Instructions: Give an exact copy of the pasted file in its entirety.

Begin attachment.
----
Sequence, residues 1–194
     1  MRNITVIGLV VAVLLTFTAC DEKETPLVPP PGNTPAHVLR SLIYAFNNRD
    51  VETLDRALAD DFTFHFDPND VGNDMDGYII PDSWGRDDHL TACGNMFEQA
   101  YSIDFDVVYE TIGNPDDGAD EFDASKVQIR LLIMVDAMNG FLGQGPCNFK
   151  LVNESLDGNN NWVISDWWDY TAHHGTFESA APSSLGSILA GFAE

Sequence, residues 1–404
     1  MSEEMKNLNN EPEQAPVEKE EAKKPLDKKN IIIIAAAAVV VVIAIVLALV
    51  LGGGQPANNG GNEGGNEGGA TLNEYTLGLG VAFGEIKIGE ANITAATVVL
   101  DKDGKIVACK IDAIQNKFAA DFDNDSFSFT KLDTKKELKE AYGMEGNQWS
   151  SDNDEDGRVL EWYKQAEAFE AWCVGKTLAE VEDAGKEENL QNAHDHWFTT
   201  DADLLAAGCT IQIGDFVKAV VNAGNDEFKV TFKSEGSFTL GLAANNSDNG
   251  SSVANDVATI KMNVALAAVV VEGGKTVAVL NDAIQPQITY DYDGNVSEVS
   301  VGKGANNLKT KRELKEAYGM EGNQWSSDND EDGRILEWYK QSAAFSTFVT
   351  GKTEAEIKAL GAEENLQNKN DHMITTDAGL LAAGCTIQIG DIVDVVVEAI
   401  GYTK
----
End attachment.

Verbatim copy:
Sequence, residues 1–194
     1  MRNITVIGLV VAVLLTFTAC DEKETPLVPP PGNTPAHVLR SLIYAFNNRD
    51  VETLDRALAD DFTFHFDPND VGNDMDGYII PDSWGRDDHL TACGNMFEQA
   101  YSIDFDVVYE TIGNPDDGAD EFDASKVQIR LLIMVDAMNG FLGQGPCNFK
   151  LVNESLDGNN NWVISDWWDY TAHHGTFESA APSSLGSILA GFAE

Sequence, residues 1–404
     1  MSEEMKNLNN EPEQAPVEKE EAKKPLDKKN IIIIAAAAVV VVIAIVLALV
    51  LGGGQPANNG GNEGGNEGGA TLNEYTLGLG VAFGEIKIGE ANITAATVVL
   101  DKDGKIVACK IDAIQNKFAA DFDNDSFSFT KLDTKKELKE AYGMEGNQWS
   151  SDNDEDGRVL EWYKQAEAFE AWCVGKTLAE VEDAGKEENL QNAHDHWFTT
   201  DADLLAAGCT IQIGDFVKAV VNAGNDEFKV TFKSEGSFTL GLAANNSDNG
   251  SSVANDVATI KMNVALAAVV VEGGKTVAVL NDAIQPQITY DYDGNVSEVS
   301  VGKGANNLKT KRELKEAYGM EGNQWSSDND EDGRILEWYK QSAAFSTFVT
   351  GKTEAEIKAL GAEENLQNKN DHMITTDAGL LAAGCTIQIG DIVDVVVEAI
   401  GYTK